Anna had just started Kinship Carers Cooking Club to help local families when lockdown came into force. Unsure how to continue helping the community, she teamed up with Nunhead Knocks and has been working with a team to serve up hundreds of meals to carers and vulnerable people in the area.
At the end of last year I started Kinship Carers Cooking Club, which was aimed at supporting kinship carers and the children they look after. These are the people who come forward to look after a child who is at risk of going into long-term foster care, or being adopted outside the family. Lots of grandmothers, aunts and uncles, as well as family friends and godparents.
There is not a lot of awareness of this issue, but there are officially at least 300,000 kinship carers across the UK – probably a lot more to be honest – and there are loads in Southwark. They face a lot of challenges and have very little support.
I wanted to create a service in the community for them, so I started this group. Prior to lockdown we were getting together every week on a Thursday and cooking a meal from scratch all together with children and carers.
I have a catering company, Accidentally Healthy, and that's how I founded the group because I reinvest the majority of the profits from that into the community. We had also been supporting some of the carers to get a food safety qualification so they could get back into employment or work with Accidentally Healthy on catering jobs.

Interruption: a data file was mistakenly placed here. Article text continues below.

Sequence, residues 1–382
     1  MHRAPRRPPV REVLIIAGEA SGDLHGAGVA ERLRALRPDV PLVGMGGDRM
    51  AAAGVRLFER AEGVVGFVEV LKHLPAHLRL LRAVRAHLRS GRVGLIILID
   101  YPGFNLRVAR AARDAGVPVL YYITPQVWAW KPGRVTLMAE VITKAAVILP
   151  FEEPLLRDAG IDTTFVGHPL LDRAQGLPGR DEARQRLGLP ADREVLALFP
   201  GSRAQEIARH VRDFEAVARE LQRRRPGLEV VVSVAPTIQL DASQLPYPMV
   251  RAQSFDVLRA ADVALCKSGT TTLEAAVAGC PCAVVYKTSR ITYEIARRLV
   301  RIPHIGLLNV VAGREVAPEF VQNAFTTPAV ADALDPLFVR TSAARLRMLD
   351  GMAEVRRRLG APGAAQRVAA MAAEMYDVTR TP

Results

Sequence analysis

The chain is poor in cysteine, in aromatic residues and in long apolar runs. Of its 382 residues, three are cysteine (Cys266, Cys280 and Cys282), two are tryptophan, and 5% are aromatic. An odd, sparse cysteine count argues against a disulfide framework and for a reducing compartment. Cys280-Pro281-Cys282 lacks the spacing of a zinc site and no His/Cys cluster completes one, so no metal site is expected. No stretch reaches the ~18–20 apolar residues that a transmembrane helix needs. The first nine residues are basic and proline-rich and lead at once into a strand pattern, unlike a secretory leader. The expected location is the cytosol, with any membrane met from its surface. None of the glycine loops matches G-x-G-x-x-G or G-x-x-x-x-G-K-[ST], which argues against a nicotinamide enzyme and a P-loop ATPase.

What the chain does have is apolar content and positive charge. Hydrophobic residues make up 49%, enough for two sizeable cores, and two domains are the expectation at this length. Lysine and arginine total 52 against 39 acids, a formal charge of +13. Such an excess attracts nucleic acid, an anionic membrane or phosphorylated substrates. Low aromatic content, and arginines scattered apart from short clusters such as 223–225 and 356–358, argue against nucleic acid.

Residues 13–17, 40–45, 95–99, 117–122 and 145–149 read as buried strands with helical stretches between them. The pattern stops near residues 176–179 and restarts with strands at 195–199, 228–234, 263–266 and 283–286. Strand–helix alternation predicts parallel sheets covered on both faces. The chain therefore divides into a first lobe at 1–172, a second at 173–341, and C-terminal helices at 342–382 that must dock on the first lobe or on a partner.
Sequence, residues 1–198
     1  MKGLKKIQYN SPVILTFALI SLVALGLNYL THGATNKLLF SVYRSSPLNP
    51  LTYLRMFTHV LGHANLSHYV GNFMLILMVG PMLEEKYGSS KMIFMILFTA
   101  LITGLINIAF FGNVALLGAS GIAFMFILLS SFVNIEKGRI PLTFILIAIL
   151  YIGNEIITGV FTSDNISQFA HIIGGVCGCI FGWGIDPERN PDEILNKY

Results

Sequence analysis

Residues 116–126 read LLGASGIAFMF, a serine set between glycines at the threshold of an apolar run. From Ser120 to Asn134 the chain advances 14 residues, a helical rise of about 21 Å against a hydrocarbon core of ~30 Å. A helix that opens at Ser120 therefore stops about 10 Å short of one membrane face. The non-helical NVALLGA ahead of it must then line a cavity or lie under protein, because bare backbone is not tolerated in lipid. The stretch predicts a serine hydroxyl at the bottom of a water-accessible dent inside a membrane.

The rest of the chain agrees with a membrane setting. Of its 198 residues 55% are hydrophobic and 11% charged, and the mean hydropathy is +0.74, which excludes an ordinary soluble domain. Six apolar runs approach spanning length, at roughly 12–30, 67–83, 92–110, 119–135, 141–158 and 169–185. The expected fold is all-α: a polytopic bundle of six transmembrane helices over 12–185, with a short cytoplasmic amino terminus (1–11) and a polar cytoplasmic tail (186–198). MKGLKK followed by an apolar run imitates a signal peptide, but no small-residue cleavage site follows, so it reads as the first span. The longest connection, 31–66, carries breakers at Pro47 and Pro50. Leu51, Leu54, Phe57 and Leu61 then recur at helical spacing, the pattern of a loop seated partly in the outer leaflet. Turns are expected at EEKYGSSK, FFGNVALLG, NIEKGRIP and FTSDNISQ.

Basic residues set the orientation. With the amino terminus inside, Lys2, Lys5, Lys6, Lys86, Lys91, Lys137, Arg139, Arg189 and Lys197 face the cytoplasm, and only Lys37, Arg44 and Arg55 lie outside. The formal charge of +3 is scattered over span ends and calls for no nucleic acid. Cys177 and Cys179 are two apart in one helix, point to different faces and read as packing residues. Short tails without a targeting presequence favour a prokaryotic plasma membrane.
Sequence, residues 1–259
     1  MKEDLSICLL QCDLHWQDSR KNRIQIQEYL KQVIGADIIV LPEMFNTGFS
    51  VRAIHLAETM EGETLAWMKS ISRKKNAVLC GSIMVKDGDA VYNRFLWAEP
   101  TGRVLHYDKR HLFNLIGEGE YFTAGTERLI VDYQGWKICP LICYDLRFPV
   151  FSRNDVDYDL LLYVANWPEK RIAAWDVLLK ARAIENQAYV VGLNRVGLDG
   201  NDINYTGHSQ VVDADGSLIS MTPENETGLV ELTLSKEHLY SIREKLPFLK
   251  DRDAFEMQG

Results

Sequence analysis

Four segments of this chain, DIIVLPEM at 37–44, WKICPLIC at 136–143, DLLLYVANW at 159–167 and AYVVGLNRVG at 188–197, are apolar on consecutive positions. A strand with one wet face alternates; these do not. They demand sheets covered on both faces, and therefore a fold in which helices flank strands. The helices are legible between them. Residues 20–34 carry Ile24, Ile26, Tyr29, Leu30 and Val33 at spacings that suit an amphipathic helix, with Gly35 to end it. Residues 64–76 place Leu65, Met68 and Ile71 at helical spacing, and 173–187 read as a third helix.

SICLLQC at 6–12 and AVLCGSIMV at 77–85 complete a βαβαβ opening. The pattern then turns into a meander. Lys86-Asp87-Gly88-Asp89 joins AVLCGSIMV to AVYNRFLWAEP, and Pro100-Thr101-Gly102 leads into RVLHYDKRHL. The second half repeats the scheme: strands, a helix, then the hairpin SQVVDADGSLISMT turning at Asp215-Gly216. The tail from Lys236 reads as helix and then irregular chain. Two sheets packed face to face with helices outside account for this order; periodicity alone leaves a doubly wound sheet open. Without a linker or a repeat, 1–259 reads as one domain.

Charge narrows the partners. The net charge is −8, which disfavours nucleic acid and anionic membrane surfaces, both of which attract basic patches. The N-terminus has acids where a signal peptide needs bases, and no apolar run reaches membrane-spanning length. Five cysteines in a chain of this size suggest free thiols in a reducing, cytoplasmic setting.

However, in mid-March I decided to shut it down just before full lockdown came into force. I was gutted because I had just got started and it was going really well, and I wanted to keep supporting these families because I knew it would be particularly hard on them.
After initially working with the Salvation Army I reached out to Nunhead Knocks, initially just to volunteer to be honest, but then we saw a chance to collaborate. I had all the carers and their details but I didn't have the capacity to cook and deliver food to all those people. They had all the volunteers and access to big community kitchens but they weren't sure how to access all the people who needed the service. So it has worked out really nicely.
We cook about 55 every week for carers and their children, and about 100 a week including vulnerable people through the entire Nunhead Knocks community. We have done over 1000 meals altogether. It has been great, and I have had some really great feedback from carers who have said this has really helped.
Ingredients for 4 to 6 people:
400g punnet of mushrooms (or you can use tinned)
2 sticks of celery
3 cloves of garlic
2 tins chopped tomatoes
1 tbsp tomato concentrate
Fresh or dried herbs, preferably basil or rosemary, but thyme or oregano or mixed dried herbs also work
200g grated cheddar
100g other cheese of your choice; try to go for a creamier, softer cheese like smoked scamorza or mozzarella, or even cream cheese
1kg short pasta, e.g. penne, conchiglie or fusilli
Committee members Claire, Paddy and Charlie look back on their time in the group and how it should be structured in the future.
Residents of Nunhead and Peckham share how lockdown impacted their mental health.